A panel of judges at Taiwan’s top court has begun hearing a case that could make the island the first place in Asia to introduce gay marriage.
The case has been brought by a gay activist as well as municipal authorities from the capital, Taipei.
Taiwan’s parliament has also been debating whether to pass laws that would allow same-sex marriage.
The movement has split society and prompted a conservative backlash, with vocal protests in recent months.
A panel of 14 justices are hearing arguments and will debate whether a line in Taiwan’s civil code, which states that marriage is between a man and a woman, is unconstitutional.
Veteran gay activist Chi Chia-wei, whose attempt at registering marriage with his partner in 2013 was rejected, had petitioned for the case to be heard.
Taipei city authorities, who have been receiving requests for gay marriage, had also petitioned for clarity.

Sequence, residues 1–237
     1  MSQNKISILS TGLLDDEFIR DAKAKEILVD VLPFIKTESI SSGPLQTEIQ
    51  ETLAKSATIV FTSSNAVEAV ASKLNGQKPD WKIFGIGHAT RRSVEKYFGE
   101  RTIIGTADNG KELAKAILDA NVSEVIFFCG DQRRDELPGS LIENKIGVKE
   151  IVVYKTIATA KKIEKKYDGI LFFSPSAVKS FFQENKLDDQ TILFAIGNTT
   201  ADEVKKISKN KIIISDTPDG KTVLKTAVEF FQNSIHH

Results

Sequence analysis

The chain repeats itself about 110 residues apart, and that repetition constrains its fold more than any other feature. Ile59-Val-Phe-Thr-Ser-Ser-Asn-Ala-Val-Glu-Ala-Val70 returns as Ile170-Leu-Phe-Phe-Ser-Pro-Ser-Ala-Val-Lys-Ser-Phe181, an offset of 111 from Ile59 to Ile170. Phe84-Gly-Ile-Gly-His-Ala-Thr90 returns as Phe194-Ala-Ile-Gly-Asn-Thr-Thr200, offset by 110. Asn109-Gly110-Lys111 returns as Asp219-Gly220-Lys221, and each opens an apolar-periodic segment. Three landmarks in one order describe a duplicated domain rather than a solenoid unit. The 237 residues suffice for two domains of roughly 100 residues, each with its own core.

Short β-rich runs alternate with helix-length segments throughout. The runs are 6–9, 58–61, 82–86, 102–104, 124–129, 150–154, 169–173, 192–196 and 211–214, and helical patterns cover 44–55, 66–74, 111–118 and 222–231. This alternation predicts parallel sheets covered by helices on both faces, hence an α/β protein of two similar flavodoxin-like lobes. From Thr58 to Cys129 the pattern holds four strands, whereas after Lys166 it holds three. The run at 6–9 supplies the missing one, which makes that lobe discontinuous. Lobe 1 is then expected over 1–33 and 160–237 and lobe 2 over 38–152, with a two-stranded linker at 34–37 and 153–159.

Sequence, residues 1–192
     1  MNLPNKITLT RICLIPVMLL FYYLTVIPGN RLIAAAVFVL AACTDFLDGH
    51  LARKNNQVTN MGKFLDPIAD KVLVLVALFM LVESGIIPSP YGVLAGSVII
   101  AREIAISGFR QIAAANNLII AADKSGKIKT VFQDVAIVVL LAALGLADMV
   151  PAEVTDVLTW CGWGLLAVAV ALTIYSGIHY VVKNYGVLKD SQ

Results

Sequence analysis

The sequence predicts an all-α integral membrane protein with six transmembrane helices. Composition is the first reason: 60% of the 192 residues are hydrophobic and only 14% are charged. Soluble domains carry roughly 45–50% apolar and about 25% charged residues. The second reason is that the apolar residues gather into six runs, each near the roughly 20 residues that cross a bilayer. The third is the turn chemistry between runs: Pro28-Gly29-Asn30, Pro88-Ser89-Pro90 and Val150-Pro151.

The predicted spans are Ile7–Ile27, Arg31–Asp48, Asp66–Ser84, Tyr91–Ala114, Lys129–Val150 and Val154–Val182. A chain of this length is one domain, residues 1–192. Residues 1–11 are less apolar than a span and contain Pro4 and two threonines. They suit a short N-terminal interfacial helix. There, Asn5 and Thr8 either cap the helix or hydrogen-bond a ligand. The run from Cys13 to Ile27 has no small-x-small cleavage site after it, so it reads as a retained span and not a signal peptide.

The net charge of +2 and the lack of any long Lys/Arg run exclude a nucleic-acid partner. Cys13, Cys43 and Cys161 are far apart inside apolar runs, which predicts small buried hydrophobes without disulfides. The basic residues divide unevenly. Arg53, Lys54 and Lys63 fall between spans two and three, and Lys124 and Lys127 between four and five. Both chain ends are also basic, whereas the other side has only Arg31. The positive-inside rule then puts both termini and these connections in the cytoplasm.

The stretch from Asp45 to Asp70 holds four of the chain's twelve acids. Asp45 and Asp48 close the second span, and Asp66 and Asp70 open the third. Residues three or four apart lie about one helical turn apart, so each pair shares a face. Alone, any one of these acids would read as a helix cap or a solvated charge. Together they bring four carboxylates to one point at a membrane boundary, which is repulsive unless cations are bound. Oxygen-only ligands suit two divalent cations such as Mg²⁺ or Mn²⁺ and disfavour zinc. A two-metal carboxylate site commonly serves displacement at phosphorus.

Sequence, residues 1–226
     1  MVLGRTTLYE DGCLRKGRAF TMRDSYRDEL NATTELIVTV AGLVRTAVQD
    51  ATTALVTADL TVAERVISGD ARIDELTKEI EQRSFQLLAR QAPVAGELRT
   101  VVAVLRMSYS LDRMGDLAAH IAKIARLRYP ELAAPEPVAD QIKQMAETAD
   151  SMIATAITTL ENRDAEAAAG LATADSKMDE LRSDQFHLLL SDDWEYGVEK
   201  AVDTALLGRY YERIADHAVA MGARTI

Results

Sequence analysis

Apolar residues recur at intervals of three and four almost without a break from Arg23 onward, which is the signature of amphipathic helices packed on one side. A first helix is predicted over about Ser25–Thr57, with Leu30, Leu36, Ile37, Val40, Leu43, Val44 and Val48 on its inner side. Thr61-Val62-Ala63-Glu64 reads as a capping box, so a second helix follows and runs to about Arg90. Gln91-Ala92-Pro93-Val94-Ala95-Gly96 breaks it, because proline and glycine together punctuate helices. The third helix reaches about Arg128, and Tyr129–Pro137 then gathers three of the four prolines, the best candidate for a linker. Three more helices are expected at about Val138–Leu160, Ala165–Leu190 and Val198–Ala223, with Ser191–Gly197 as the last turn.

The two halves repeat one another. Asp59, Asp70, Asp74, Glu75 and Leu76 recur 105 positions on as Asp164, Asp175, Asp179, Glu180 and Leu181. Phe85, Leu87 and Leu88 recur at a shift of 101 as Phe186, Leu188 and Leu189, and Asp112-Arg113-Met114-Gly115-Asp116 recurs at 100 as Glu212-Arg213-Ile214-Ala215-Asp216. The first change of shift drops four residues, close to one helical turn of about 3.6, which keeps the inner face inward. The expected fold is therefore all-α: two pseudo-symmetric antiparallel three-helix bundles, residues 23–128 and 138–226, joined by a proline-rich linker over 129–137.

Legal experts and government officials are expected to take part in the debate, which is expected to last two months.
Gay rights campaigners carrying rainbow flags, have turned up in front of the court in Taipei, as have anti-gay marriage protesters.
In December Taiwan’s parliament had approved the first draft of a bill to legalise gay marriage, with a second reading due in months.
President Tsai Ing-wen has previously said she would support marriage equality. Taiwan is known for its progressive values and energetic LGBTQ movement.
But rallies by gay rights activists in recent months have been met with protests from conservative groups and calls for the same-sex marriage bill to be struck down.